By Seth Colter Walls
By Brett Koshkin
By Spencer Wilking
By Christina Black
By Calum Marsh
By J. Pablo
By Phillip Mlynar
By Jenna Sauers
Since no idea's original, it's all in the way you freak it. Late last year, Boyz II Men released a respectable Motown-remake album with a lousy title that only could've been worse if they'd added an exclamation point to it (Motown: A Journey Through Hitsville USA). But Raphael Saadiq sees that tribute and raises them something better: Rather than merely rehashing actual classics, the crooner/songwriter/producer/bassist does some neat paraphrasing and tries to write some new ones, offering his own slick approximations of the tender tunes that kept Black America bopping and grooving through the '60s. On The Way I See It, the similarities are uncanny enough to merit a DeLorean reference.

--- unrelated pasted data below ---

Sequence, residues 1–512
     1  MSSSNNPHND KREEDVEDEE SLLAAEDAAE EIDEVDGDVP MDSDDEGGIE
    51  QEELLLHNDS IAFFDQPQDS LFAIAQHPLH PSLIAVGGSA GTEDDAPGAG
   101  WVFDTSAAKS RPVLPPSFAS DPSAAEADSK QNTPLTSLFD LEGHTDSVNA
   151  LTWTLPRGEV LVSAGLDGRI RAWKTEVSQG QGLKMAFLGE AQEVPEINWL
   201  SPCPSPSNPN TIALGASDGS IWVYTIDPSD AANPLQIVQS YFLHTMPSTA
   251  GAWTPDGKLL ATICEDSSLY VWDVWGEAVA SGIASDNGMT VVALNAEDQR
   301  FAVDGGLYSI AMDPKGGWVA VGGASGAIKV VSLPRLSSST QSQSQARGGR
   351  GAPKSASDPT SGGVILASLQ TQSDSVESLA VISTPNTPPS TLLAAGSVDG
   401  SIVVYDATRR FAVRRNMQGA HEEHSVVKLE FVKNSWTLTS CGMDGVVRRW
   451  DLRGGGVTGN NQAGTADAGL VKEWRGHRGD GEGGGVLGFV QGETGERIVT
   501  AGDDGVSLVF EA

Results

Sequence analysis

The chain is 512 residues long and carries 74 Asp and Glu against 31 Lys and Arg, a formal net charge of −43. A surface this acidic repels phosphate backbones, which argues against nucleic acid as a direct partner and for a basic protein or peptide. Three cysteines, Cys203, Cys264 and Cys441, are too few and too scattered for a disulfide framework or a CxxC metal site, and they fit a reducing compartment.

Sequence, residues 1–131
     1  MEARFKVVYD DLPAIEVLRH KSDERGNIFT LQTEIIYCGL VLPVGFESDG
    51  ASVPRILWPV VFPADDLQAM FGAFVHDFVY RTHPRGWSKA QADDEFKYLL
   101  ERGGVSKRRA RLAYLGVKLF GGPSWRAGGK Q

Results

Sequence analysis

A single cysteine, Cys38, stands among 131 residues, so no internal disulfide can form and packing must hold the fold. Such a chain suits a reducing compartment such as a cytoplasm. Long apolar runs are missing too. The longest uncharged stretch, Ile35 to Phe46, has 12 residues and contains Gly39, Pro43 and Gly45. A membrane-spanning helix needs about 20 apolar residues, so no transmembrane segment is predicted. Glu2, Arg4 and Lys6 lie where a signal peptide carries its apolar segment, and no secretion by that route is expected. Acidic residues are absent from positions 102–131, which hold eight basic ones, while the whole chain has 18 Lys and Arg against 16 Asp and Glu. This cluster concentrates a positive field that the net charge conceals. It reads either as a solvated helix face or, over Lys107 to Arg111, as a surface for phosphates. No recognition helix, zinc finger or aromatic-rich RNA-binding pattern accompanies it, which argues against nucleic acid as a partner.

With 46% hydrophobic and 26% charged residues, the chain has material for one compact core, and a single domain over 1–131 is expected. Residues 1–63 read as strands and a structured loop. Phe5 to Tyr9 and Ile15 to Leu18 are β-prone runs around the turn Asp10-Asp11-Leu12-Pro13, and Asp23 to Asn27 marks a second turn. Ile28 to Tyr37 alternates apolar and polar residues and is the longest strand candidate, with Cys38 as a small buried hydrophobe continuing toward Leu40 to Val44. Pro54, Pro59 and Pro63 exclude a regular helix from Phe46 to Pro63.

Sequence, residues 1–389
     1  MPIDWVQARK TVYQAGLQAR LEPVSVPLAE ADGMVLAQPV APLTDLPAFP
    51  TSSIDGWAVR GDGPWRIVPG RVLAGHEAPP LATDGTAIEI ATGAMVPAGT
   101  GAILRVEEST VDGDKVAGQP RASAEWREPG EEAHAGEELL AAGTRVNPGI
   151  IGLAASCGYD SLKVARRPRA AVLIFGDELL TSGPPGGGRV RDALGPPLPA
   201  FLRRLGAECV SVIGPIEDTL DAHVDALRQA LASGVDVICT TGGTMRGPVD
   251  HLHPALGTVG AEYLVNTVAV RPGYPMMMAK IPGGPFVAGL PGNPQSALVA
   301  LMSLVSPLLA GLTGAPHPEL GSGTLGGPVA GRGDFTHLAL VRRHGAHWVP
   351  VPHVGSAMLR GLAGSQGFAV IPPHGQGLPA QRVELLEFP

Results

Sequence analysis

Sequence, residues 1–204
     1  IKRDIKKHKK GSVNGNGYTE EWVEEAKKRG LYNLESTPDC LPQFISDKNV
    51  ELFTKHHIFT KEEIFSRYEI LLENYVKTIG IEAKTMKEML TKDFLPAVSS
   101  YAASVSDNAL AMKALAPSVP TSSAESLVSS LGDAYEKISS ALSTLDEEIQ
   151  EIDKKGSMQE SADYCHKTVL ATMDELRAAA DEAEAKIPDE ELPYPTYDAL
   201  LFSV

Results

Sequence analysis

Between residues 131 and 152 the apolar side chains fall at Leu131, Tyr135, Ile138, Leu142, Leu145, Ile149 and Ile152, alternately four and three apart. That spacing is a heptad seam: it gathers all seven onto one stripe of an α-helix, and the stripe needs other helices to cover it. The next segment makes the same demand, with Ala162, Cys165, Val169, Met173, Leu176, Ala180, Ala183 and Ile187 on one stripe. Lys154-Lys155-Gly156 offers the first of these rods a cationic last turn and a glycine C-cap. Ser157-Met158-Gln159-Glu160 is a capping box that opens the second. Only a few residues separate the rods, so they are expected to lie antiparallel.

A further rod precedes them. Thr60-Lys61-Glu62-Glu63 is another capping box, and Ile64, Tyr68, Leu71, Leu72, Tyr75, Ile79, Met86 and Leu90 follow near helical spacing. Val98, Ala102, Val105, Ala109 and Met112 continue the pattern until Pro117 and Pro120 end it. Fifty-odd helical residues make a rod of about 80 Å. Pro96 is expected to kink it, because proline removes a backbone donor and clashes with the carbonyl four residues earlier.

In his early days fronting such vintage-friendly acts as Tony! Toni! Toné! and Lucy Pearl, Saadiq crafted a solid soul foundation, which he builds upon here via retro revisions better suited for finger-snapping than clapping; reminiscing is easy, thanks to jukebox-worthy cuts like "Big Easy" and "100 Yard Dash" ("My heart is pumping but still running in place"). Raphael's juke joint is all horn stabs, tambourines, Temptations-inspired rhythms, doo-wop pathos, and patient pining-after ballads like "Oh Girl," "Callin'," and "Never Give You Up," for which Stevie Wonder dusts off the ol' harmonica. Even while Saadiq pays homage to soul's golden era, he brings his own flavor through his tell-tale tenor; still, if it ain't your cup of tea, just slip this in your parents' record collection and they won't notice a thing. In an era of sampling and synths, it's nice to see a musician who understands where the milk comes from.
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